What is Ardor?
Ardor positions itself as a blockchain-as-a-Service (BaaS) platform for individuals and other entities. Blockchain technology has been receiving interest from all over the world in recent years. However, most of this enthusiasm is killed by its inability to develop custom solutions that meet the demands of users.
Users find that the BaaS model makes things easier as it addresses most of the challenges they might be facing. Ardor is challenging the competition of the most popular BaaS platforms such as Microsoft by taking a unique approach with regards technical elements.
Ardors unique parent-child interface relieves individuals and corporations of the hard work and technical challenges needed to utilize BaaS.
As the parent chain, Ardor takes care of all security challenges, patches, and upgrades. The Ardor child chain enables companies to build their own services. These child chains, however, enjoy the benefits of security updates and other benefits that are found on the Ardor parent chain.
In the blockchain world, a lot is being talked about with regards the concept of side chains and this explains why Ardor is getting all the attention. Not only is Ardor as a BaaS designed to offer advanced security features, it was also designed to be energy efficient. Compared to the other players in the market, this is a significant advantage.
BaaS requires a certain form of energy to run, but not anything like the energy needed to mine cryptocurrency. Ardor uses less energy because it adopts a Proof of Stake method over Proof of Work.
Also, Ardor does not hog resources. Users don’t need to spend money on getting expensive hardware or paying high electricity bills in order to run the BaaS platform. This is because consensus in Ardor happens through a distributed system that effectively eliminates mining competition.
History of Ardor
Ardor was launched on January 1, 2018 by its founding company Jelurida via a crowdsale of its first child chain, IGNIS. Jelurida was able to get $15 million. Since IGNIS is not restricted and is decentralized with features from the NXT blockchain, all the child nodes created will also have these features on them.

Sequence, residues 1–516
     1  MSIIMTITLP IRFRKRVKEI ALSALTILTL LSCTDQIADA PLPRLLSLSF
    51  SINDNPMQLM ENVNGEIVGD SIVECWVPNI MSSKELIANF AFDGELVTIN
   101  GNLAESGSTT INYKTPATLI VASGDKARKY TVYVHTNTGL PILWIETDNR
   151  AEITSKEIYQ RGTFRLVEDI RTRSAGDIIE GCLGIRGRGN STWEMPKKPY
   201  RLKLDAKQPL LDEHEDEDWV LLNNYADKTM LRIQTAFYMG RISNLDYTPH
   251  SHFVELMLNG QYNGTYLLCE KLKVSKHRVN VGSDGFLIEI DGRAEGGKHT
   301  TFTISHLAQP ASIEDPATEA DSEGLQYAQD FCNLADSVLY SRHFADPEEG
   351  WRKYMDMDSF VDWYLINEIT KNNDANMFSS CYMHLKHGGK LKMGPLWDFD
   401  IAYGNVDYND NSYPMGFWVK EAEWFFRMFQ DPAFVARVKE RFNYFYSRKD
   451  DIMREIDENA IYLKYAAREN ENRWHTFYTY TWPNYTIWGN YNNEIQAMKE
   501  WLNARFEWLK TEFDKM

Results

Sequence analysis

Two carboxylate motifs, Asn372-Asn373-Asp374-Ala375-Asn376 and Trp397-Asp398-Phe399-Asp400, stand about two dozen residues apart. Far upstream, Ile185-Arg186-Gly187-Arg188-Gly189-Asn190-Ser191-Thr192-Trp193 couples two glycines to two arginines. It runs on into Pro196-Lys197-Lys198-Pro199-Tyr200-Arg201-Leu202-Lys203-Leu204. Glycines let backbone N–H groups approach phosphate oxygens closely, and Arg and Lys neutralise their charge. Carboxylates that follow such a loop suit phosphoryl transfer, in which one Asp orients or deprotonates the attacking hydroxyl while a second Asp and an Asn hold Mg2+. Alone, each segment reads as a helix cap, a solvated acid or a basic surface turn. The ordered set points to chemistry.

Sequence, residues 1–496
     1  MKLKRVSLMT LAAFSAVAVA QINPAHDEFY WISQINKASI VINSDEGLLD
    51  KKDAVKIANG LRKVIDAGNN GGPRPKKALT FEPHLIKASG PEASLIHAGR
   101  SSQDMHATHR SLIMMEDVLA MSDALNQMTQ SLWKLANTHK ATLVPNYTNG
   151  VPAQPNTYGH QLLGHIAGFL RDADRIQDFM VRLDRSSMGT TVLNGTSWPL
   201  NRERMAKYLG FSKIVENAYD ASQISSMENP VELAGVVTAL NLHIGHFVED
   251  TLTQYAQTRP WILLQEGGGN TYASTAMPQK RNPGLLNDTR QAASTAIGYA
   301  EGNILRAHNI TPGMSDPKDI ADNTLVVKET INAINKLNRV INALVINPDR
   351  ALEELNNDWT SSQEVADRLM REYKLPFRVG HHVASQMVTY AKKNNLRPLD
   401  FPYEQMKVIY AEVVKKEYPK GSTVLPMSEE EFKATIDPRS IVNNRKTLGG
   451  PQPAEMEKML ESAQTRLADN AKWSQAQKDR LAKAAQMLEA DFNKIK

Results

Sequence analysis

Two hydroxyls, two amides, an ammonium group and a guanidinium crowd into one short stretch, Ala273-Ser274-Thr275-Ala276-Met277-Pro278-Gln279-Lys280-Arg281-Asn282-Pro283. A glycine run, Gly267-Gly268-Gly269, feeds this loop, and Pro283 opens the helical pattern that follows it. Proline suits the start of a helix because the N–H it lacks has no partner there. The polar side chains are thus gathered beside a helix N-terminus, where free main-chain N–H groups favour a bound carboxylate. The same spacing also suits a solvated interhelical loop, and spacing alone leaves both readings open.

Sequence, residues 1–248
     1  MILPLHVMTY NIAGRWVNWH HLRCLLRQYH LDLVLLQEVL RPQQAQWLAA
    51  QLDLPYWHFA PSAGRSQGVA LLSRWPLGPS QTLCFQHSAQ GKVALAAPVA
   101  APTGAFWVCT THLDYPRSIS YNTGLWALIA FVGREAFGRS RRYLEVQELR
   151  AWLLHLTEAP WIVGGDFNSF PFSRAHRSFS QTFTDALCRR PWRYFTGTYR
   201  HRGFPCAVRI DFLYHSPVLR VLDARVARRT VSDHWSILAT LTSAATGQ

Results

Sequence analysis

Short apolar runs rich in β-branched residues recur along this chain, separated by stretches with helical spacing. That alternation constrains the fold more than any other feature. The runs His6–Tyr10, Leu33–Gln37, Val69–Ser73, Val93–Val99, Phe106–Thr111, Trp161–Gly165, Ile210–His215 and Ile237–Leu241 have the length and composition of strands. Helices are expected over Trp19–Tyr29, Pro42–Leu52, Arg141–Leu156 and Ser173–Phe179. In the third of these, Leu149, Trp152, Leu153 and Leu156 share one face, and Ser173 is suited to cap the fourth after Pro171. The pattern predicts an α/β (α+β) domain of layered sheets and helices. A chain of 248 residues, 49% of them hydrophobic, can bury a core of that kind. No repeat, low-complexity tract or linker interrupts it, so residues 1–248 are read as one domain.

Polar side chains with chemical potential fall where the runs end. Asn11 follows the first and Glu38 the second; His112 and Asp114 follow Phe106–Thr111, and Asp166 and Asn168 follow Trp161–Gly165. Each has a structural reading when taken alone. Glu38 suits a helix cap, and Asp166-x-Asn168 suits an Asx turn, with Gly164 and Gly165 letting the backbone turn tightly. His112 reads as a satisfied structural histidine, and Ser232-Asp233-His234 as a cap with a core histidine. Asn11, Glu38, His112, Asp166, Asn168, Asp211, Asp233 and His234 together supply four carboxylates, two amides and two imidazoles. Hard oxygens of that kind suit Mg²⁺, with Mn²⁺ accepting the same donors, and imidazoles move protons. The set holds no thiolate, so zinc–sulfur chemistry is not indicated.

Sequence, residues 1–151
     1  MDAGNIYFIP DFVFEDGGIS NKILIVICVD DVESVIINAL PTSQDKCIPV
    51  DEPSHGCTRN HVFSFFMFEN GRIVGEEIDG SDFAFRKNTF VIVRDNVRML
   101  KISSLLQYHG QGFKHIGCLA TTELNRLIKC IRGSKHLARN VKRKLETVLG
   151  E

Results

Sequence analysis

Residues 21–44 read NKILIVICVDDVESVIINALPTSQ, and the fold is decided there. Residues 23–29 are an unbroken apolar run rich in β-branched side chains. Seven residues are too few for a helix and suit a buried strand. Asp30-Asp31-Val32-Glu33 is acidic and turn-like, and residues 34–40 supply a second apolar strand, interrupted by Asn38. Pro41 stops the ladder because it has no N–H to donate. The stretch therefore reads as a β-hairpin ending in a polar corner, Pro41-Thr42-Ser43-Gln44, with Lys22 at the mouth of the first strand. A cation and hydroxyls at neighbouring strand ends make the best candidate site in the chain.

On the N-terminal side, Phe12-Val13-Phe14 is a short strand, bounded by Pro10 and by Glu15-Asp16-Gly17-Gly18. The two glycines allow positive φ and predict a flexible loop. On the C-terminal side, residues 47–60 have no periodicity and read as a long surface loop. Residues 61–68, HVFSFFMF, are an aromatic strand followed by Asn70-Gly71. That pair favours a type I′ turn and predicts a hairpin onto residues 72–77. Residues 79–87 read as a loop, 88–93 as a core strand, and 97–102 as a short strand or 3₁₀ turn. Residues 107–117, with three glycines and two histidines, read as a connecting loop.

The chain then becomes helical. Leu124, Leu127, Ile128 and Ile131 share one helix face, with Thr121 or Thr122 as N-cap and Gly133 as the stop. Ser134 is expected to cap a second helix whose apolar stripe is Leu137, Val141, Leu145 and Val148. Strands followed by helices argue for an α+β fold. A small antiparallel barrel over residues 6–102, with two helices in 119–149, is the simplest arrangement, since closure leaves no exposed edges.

Ardor is NXT’s development software, which eliminates problems regarding inflating, scalability and versatility of blocks. Launched in 2013, NXT is the first blockchain to use a Proof of Stake (PoS) consensus mechanism.
NXT is built on JAVA and since its launch, has never experienced any downtime. Three years before Ardor was launched, NXT was being used to build multiple industry solutions such as data clouds, account controls, digital goods stores, monetary systems, voting systems, and more.
All these solutions are now present on all child chains of Ardor. The Ardor whitepaper explains all the features of both the Ardor and NXT platforms. It provides a comparative study of the platforms to enable the reader to understand them better.
What Problem Does Ardor Solve?
Ardor is build on the NXT platform. NXT was an attempt to expand blockchain technology towards value transfer. However, there were three main challenges facing the development of NXT, which Ardor was designed to solve. These problems were:
- Single token use
- Blockchain bloat
- Cloning concerns
Single token use: All the platform’s features must use NXT, and this includes the block generation process, transfer of value, paying transaction fees, pricing asset exchange orders, prices of items traded in the marketplace, and asset transfer over the blockchain.